Updated: October 4, 2021
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    The Veterans Of Foreign Wars was founded by James C. Putnam on 29 September 1899, and since then the date has been celebrated at posts in America and later all over the globe. There are some six thousand VFW posts worldwide and 52 “departments” stateside offering services and advocacy to vets and their families.

    VFW Day The Veterans Of Foreign Wars is a non-profit veterans service organization offering membership to eligible veterans and military service members from the active, Guard, and Reserve forces. The VFW and the VFW Auxiliary serve veterans, participate in lobbying and “legislative advocacy” as well as operating or participating in military programs and community service programs.

    VFW Day will be observed on Thursday, Sept. 29, 2022.

    How The VFW Got Started

    Military societies started forming in the wake of the Spanish-American War. In 1889 veterans of campaigns in Cuba and the Philippines began organizing based on shared combat experiences.

    The results of this included creation of the American Veterans of Foreign Service, later to become what we know today as the VFW, but also The Colorado Society, Army of the Philippines, as well as a group calling itself Foreign Service Veterans.

    Activities by these agencies included early lobbying efforts to enhance and secure the rights of veterans from these conflicts; their efforts would lead to a more unified front in this regard. All three of these organizations merged in 1913 and became the entity known as the Veterans Of Foreign Wars or VFW.


    Who Can Join The VFW

    The membership criteria for joining the VFW include honorable service in a “foreign war or overseas operation recognized by a campaign medal”. Those include but are not limited to:

    • Service in Korea after June 30, 1949
    • Veterans of World War II, Vietnam, Lebanon, Grenada, Panama
    • Veterans of operations in the Persian Gulf, Somalia, Kosovo
    • Veterans of Afghanistan, Iraq and other smaller expeditionary campaigns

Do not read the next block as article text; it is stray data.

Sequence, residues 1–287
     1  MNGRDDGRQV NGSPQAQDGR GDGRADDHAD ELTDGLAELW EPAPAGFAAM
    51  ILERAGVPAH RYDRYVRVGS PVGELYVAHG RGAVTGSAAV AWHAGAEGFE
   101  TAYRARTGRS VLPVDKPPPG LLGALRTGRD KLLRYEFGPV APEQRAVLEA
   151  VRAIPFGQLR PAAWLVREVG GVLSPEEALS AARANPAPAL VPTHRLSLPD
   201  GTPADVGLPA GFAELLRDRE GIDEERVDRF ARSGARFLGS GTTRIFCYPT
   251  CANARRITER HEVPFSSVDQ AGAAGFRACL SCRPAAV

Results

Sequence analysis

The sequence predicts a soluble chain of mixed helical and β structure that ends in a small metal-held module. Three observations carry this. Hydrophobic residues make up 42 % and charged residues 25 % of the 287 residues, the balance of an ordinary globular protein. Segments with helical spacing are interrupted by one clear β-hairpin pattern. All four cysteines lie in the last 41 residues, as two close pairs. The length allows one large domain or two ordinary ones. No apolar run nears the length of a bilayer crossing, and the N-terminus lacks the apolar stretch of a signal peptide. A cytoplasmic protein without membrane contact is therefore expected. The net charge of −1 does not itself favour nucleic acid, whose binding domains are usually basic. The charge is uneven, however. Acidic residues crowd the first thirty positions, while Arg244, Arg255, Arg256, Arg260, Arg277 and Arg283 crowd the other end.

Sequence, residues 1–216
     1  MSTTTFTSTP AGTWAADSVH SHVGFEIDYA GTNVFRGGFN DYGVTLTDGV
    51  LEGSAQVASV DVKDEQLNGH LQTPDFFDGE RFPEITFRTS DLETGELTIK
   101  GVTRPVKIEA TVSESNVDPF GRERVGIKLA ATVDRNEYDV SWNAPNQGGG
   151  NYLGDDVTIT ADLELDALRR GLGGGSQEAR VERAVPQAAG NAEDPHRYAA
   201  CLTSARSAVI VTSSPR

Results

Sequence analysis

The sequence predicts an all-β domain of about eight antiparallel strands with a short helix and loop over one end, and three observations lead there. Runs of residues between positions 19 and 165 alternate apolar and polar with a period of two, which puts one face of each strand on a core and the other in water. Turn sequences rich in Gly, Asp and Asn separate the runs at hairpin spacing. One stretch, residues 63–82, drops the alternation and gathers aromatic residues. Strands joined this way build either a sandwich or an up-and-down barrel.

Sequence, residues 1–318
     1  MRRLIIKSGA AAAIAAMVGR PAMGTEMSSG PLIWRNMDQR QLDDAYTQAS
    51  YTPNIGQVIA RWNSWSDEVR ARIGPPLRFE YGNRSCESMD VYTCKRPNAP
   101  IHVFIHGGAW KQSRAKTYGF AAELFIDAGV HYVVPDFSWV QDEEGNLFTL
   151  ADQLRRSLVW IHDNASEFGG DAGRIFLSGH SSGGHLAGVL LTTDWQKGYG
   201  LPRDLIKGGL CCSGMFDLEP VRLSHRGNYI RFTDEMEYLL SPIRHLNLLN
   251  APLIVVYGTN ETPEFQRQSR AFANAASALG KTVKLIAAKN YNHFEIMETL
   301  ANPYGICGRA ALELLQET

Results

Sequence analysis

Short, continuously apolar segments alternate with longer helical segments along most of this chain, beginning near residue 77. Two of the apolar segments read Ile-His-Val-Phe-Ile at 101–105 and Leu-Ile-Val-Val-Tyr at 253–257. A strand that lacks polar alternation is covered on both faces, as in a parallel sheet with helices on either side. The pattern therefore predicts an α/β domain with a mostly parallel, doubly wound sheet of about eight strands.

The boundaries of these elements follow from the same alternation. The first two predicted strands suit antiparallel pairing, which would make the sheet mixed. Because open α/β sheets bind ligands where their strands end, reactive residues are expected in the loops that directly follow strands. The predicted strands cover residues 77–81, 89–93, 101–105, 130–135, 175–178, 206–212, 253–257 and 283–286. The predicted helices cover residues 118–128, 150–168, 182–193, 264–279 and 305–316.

• Those who have received hostile fire or imminent danger pay

    An auxiliary was founded in 1914 to include the following family members of those eligible to join the “main” VFW:

    • Spouses
    • Surviving spouses
    • Parents
    • Grandparents
    • Children
    • Grandchildren
    • Siblings

    The VFW Auxiliary participates in many volunteer efforts including lobbying, youth programs, services for veterans, and scholarships. There are more than a million and a half VFW and Auxiliary members in all 50 states and overseas.


    VFW Key Issues

    As a veteran service organization, the Veterans Of Foreign Wars has several key issues it focuses on for lobbying, awareness raising, and outreach. Advocacy topics include:

    • Veteran Health Care: VFW goals include “timely access to high-quality health care without increasing cost shares”
    • Disability Assistance: Helping veterans and their families learn and understand how to claim veteran disability benefits
    • Memorial Affairs: Helping vets understand their rights for VA burial services where applicable
    • Education, Employment and Transition Assistance: Helping veterans make the best transition from duty to civilian status possible
    • Military Quality of Life: Lobbying for veteran benefits and retirement options


    What The VFW Does

    We’ve already mentioned the VA’s advocacy and lobbying work, but their efforts include working directly with veterans to help them understand and claim their benefits. There are also options for financial support available to veterans in need, help for veteran students, and the VFW Mental Wellness campaign which seeks to end the stigma around military mental health issues.

    Celebrating VFW Day

    Like so many holidays involving veterans, military families, and those still serving, VFW Day is not a federal holiday, banks do not close, and the post office still delivers mail. The best way to celebrate this day, according to the agency’s official site, is to show support “by honoring all members and veterans in your community”.

    If you’re interested in observing the next VFW Day, be sure to check the location of your nearest VFW post. Each post is likely to have local events or activities listed for Sept. 29 or direct you to social media platforms for more information. VFW organizers arrange for open-to-the-public “patriotic days” in local communities and there might be such an event scheduled on Sept. 29 near you.

    There are also ways to support the VFW through volunteerism, donations, and fundraising. A VFW Adopt-A-Unit program seeks volunteers to help VFW units “adopt hundreds of military units around the world” to create support networks for these units before, during, and after deployments overseas.

    There are plenty of other volunteer opportunities with the VFW, but efforts like this are good examples of how the agency tries to work directly with troops and veterans. Those who wish to celebrate VFW Day should consider such volunteer opportunities; you can find more information at the VFW official site, VFW.org.

    About The AuthorJoe Wallace is a 13-year veteran of the United States Air Force and a former reporter for Air Force Television News

    Written by Veteran.com Team